Tuesday, October 7, 2014

One vs. All

I had just been introduced to this woman. Literally, three minutes ago. Upon discovering I am yet unattached: "Well, at this point, you have to be willing to compromise on some things."

I may have gone a little ballistic in expounding on the myriad of matters I have been stupidly "compromising on" since I began dating, never mind recently, before Ma hurried me away. 

When people see a certain situation, and I must confess I am no different, we tend to swiftly manufacture a single cause and a single solution (no pun intended). But not every matter stems from the same cause. Take the art of medical diagnosis; what I learned from "House M.D." is that symptoms can be due to a host of illnesses or conditions. 
I don't think of myself as a statistic. I think of myself on my own, personal journey, with my own freedom of will (that can be executed to a limited degree as I am surrounded by occurrences outside of my control). 

That is what I considered as I read David Brooks' "Stairway to Wisdom." 
This academic research offers a look at general tendencies within groups. The research helps you to make informed generalizations about how categories of people are behaving. If you use it correctly, you can even make snappy generalizations about classes of people that are fun and useful up to a point.
But this work is insufficient for anyone seeking deep understanding. Unlike minnows, human beings don’t exist just as members of groups. We all know people whose lives are breathtakingly unpredictable . . .
We all slip into the general patterns of psychology and sociology sometimes, but we aren’t captured by them . . .To move the next rung up the ladder of understanding you have to dive into the tangle of individual lives. You have to enter the realm of fiction, biography and journalism. My academic colleagues sometimes disparage journalism, but, when done right, it offers a higher form of knowing than social science research.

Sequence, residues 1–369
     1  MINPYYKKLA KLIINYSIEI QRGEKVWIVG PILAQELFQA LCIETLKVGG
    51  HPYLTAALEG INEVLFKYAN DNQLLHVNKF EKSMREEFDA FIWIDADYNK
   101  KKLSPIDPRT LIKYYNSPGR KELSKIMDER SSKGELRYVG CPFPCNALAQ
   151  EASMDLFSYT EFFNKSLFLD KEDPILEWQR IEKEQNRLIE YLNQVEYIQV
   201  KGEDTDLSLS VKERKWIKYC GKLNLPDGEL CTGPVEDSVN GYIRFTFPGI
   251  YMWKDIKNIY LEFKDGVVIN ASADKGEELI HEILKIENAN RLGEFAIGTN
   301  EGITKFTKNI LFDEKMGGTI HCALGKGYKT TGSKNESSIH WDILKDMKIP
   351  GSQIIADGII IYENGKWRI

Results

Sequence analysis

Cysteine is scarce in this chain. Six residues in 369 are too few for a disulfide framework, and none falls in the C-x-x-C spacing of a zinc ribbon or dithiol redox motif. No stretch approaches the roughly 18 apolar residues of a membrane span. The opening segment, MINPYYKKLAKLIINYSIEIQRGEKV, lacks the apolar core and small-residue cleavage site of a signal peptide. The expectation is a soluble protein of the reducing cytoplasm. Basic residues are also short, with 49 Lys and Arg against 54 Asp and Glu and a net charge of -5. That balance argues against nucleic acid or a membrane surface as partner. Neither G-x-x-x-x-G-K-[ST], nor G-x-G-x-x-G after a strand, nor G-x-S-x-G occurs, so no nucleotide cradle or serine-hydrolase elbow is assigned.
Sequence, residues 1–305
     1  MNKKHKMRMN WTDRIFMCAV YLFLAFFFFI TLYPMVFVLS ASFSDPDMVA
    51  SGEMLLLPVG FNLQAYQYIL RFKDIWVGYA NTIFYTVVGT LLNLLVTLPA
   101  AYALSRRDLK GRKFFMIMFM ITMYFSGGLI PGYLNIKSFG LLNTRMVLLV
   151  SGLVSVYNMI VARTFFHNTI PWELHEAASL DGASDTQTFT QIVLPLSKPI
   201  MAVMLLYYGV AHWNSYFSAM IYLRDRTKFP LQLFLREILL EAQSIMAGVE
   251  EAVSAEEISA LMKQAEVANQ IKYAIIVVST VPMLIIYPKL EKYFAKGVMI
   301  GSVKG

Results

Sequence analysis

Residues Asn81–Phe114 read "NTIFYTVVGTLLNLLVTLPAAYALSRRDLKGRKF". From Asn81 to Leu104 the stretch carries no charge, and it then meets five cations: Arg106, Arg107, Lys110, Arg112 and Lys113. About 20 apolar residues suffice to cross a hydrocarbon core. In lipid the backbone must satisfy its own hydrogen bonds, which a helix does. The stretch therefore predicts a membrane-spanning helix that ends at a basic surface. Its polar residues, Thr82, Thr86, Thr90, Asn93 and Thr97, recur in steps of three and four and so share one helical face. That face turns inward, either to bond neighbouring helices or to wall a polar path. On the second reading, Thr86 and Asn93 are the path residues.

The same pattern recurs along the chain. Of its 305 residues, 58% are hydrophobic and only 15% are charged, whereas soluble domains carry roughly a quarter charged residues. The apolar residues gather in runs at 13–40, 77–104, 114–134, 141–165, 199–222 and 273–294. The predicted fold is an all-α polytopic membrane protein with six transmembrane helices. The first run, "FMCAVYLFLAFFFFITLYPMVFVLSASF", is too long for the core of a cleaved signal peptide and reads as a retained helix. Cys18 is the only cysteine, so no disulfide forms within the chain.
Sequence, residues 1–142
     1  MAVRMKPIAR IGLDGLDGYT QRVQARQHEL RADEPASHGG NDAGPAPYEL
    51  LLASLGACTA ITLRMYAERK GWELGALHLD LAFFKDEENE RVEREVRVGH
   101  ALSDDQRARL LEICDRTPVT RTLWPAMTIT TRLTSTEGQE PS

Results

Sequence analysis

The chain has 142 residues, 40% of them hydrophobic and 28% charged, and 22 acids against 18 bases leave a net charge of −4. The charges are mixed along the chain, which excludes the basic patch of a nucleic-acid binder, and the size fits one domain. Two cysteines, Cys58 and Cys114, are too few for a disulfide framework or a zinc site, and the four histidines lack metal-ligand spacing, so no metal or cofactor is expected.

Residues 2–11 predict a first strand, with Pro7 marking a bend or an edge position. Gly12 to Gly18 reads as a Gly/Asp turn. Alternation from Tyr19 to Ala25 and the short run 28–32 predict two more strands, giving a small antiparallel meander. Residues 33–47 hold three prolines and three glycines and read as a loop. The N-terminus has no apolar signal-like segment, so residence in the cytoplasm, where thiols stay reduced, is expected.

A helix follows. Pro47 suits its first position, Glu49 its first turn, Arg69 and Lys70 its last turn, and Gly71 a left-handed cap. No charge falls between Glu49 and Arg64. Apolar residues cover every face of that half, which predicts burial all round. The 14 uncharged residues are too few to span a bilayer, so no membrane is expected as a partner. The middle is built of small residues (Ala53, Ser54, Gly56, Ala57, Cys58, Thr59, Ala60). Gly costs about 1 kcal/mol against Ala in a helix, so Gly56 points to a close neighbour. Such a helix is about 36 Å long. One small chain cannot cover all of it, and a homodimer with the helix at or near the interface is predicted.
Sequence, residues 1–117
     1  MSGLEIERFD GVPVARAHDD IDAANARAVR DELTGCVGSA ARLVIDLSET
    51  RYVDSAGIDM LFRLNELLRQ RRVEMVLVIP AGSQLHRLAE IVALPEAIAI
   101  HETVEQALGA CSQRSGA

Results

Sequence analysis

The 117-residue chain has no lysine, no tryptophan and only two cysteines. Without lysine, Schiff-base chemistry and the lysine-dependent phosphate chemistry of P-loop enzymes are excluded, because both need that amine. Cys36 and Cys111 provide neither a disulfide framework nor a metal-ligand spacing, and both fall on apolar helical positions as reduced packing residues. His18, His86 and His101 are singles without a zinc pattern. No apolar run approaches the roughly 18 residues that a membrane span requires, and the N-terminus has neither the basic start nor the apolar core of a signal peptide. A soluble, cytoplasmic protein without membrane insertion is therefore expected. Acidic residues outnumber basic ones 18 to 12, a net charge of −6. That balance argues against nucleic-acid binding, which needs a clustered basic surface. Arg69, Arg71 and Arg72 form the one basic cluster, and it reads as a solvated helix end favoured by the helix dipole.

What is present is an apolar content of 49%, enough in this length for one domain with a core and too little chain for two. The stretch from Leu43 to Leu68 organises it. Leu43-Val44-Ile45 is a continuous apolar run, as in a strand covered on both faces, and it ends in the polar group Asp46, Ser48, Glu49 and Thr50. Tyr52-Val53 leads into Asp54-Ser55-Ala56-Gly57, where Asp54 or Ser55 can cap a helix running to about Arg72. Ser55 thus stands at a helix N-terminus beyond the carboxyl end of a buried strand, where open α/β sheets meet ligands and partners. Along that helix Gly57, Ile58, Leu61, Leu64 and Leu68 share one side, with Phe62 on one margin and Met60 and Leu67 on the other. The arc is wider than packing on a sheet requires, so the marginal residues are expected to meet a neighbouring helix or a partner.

By conducting sensitive interviews and by telling a specific story, the best journalism respects the infinite dignity of the individual, and the unique blend of thoughts and feelings that go into that real, breathing life.
I must confess, again, I am guilty of such a simplistic thought process. What was my perspective of the state of "older" singlehood when I was a youthful 21? Shamefully pat and judgmental. (I believe that is known as "karma.") 

This premise of "one size fits all" is even evident as "older" singles marry, then profess to apply their own experiences to the world at large. But then again, your story is not my story

The upside of my position: I like to think I have become more empathetic, as well as more willing to see the individuality, not the generality. 


Daniel Saunders said...

As someone with a BA in history, I'm not sure that journalism is "a higher form of knowing than social science research." Different, yes. Higher? Not convinced. Under the influence of postmodernism, historical research has tended in recent years to focus on the unusual and the counter-cultural, with books about obscure individuals and groups - a valuable corrective to endless books about Dead White Men, but it can be taken too far and give an impression that the unusual is the rule.

But, agreed, we're all on our own journeys and shouldn't impose our own realities on other people.

Don't be too hard on your twenty-one year old self though; she's matured and gained wisdom. I shudder to think of my twenty-one year old self... and in ten years time doubtless my forty-one year old self will look back at me and shudder.

Princess Lea said...

I wasn't referencing this article in terms of journalism; I'm not particularly interested in journalism. I referenced it for the other aspect.

Thank you for the boost; I feel like slapping my past and present self at times.

"and in ten years time doubtless my forty-one year old self will look back at me and shudder."

As will mine! Oh dear.

Daniel Saunders said...

I think a sense of embarrassment at one's earlier life-stages is the price of being a growth-focused person.

Princess Lea said...

Very true! Without awareness and contrition, there is no progress!